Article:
I should probably apologize in advance to anyone from Iceland who might read this. Iceland is one of the most naturally gorgeous places on the entire Earth. Its pastoral beauty could make even the most calloused sociopath weep, and no one in his or her right mind would refute its cultural richness. I am certainly not trying to do it any offense by expressing my confusion towards its cuisine.
But the food there really weirded me out.
It wouldn't be fair to say that Iceland is known for its food abroad, but it might be fair to say that Iceland's food is "known." Not in the same way that Italy's is, or San Francisco's, or even Texas for its regional mastery of barbecue. Iceland's food is notorious because it is often considered by outsiders (the non-Nordic, generally) to be sort of gross. The nation is largely devoid of food exports, as not many crops like to grow glacier-side with almost no sunshine for several months a year. There's also an affinity, having trickled down from the Vikings, for pungent flavors ("acquired tastes," shall we say) ill-suited for the American palate. Even the seemingly unshakable Anthony Bourdain once declared hákarl—Iceland's traditional dish of months-old fermented shark carcass—to be "the single worst, most disgusting and terrible-tasting thing" that he had ever put in his mouth. And that's coming from a man who has eaten warthog rectum, a seal's eyeball, and the still-beating heart of a cobra.
Whale meat is another notable local delicacy—although roughly 40 percent of it is consumed by tourists. I didn't have a chance to try it, but it has been described to me as "scary but delicious," and likened to "the unsettling feeling of eating a friend."
It might not be for everyone, but the cuisine is anything but dull. When I arrived in Iceland last week at Ásbrú, the former NATO base in Keflavik, there were few nearby restaurant options. I'd heard rumors of rotten shark popsicles and sheeps' head quesadillas, and I was not mentally prepared to figure out what the hell to eat. And so, not knowing a single word of the native tongue besides takk ("thank you"), I confronted the fascinating and daunting task of grocery shopping in Iceland.
The first problem: I was warned that Iceland is very expensive. (Although it turned out to be a gross exaggeration, a coworker had claimed that a cheap beer there would cost $14. In reality, it was more like $7, which is only slightly more than what you'd pay in New York.) I'm a poor mathematician, and 1,000 Icelandic krona is equivalent to a little bit less than nine American dollars. As a result, my pervasive feeling throughout the trip was that I was indiscriminately throwing around "thousands of somethings."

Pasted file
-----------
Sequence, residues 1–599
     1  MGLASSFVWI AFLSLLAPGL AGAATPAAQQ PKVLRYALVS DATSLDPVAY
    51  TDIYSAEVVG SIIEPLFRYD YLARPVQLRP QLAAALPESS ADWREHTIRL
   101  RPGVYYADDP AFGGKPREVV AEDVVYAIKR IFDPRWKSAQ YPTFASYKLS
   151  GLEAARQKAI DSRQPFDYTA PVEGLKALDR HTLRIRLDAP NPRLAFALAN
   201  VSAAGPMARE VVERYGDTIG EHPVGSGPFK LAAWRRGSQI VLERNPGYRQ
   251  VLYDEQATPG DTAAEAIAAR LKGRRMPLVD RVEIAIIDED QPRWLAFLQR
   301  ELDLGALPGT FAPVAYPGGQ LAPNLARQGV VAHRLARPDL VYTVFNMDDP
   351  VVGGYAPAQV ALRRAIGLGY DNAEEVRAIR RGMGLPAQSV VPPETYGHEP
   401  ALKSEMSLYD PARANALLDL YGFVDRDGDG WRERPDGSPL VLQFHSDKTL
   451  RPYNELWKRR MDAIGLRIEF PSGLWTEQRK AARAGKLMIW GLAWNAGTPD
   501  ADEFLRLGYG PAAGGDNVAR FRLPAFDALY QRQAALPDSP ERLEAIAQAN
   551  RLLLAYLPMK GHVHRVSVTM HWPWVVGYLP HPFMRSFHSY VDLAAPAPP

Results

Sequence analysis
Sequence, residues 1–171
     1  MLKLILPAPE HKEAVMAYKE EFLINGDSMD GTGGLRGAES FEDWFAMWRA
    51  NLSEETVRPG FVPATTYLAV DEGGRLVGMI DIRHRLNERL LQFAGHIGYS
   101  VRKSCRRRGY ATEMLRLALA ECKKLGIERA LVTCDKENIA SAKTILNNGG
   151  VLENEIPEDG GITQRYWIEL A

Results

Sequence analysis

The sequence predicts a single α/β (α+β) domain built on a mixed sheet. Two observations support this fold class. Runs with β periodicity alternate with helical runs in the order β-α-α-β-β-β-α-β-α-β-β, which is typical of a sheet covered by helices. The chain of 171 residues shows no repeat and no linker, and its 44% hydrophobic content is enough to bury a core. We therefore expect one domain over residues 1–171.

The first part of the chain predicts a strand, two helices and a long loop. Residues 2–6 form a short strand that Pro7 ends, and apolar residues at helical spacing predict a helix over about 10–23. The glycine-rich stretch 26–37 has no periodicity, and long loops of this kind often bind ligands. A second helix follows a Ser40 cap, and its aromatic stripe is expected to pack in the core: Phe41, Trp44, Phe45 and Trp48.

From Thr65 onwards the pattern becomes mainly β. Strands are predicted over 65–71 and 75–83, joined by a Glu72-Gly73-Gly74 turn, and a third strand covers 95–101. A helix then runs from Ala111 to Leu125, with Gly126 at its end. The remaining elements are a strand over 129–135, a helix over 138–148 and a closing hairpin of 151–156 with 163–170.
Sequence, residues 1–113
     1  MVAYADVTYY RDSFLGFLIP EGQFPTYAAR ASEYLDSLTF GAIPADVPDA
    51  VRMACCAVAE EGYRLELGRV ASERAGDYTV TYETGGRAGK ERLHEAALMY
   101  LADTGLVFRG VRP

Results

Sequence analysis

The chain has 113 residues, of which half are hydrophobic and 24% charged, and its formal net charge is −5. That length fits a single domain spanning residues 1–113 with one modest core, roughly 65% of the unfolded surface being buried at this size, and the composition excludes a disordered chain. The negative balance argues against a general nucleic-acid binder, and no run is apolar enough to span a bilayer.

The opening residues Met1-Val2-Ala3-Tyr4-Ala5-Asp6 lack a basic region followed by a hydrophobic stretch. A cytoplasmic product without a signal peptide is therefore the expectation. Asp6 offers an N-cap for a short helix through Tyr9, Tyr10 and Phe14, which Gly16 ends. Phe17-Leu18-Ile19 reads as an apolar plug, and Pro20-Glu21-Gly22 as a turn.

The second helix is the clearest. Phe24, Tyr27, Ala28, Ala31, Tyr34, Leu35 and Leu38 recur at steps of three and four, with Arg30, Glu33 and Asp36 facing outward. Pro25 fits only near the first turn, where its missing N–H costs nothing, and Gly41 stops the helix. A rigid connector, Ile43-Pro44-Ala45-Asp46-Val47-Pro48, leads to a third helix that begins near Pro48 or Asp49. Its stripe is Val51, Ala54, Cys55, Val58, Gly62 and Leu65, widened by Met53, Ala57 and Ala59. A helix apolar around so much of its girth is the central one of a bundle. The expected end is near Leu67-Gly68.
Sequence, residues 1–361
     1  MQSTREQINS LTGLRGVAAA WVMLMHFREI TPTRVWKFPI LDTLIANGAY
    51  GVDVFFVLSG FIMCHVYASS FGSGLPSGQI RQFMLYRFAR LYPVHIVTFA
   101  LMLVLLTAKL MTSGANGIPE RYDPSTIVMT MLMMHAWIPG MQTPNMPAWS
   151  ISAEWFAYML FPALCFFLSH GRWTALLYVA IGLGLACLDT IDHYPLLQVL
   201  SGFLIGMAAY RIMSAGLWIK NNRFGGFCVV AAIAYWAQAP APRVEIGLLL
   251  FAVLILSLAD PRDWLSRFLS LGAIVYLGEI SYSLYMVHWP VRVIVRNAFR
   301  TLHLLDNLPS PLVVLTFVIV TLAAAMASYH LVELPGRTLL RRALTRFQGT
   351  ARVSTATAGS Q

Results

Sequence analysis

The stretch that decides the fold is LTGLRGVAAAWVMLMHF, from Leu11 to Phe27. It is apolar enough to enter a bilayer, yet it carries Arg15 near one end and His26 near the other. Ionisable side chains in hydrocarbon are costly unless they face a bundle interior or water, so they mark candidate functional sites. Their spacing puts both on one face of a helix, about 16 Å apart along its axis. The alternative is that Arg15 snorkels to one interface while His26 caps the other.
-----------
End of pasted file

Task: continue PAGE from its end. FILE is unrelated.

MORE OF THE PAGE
One grocery store, Nettó, looked and felt like any other smallish grocer that you might walk into in a mid-sized suburban town in the States. I admired a rack of packaged cured salmon and decided that it seemed like a safe choice for consumption. But then it came time to pick one of the varieties, and there were about a half a dozen different types under wildly fluctuating prices. Although all of the portions looked similar, two of them were almost 5,000 krona (roughly $40?!), one was about 2,600 krona ($22), and an errant package was 598 krona ($5.22). I was too scared to get the cheapest one because nothing in this world is free, and if another brand of the same thing costs literally eight times as much, I would assume that there's a reason why. So it was settled: not buying any salmon.
I thought it wise to get some spreads to keep around for snacking, but when I got to the refrigerated section, I noticed that many of the packages said "skinku" on them. I tried to search for the word on my phone, but nothing relevant came up. I followed up with an image search of "skinku Iceland," and the photo results were a bunch of DeviantArt drawings and a single picture of a musty-looking sheep's head on a plate. I did not buy the spread.